What are Special Education Needs?
A child has special educational needs if he or she finds it more difficult to learn than most other children of about the same age and need more support to learn. Approximately one in five children may have learning difficulties at some time during their time at school. School can help children who are having difficulties with reading, writing, mathematics or behaviour, especially if home and school work together.
A small number of children have longer term special educational needs which may be due to a:
- Physical disability that they may have had from birth, due to injury or illness.
- Visual impairment where children are partially sighted or blind.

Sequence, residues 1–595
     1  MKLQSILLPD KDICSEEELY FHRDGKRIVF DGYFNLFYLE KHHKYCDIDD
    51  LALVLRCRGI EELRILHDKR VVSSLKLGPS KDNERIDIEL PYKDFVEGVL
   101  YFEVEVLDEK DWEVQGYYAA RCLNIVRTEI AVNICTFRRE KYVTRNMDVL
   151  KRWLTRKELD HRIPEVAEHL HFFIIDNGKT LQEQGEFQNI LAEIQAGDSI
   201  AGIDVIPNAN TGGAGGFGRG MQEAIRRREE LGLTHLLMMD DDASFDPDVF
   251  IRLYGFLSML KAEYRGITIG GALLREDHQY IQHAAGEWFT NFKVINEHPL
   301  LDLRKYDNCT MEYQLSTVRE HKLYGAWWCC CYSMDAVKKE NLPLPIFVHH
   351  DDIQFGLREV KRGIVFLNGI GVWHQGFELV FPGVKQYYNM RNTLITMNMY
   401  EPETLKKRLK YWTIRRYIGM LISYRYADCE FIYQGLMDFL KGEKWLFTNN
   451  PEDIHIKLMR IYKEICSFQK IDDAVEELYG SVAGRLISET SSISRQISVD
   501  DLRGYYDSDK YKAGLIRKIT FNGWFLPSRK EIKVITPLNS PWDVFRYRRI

- Hearing impairment where hearing loss affects speech or makes it difficult for the child to communicate with others.
- Medical or health conditions that may hinder a child’s progress or require treatment which interferes with their education.
- Emotional or behavioural difficulty which may include difficulties in concentrating on work or mixing with other children.
- Generalised learning difficulty affecting progress in school.
- Specific Learning Difficulty with reading, writing or mathematics.
- Speech and language problem which may be due to delayed speech and language development or more specific reasons.
If you are worried about your child, talk to his/her teacher or other key person. If the teacher or other practitioner is concerned about your child’s progress they should have already talked to you about it.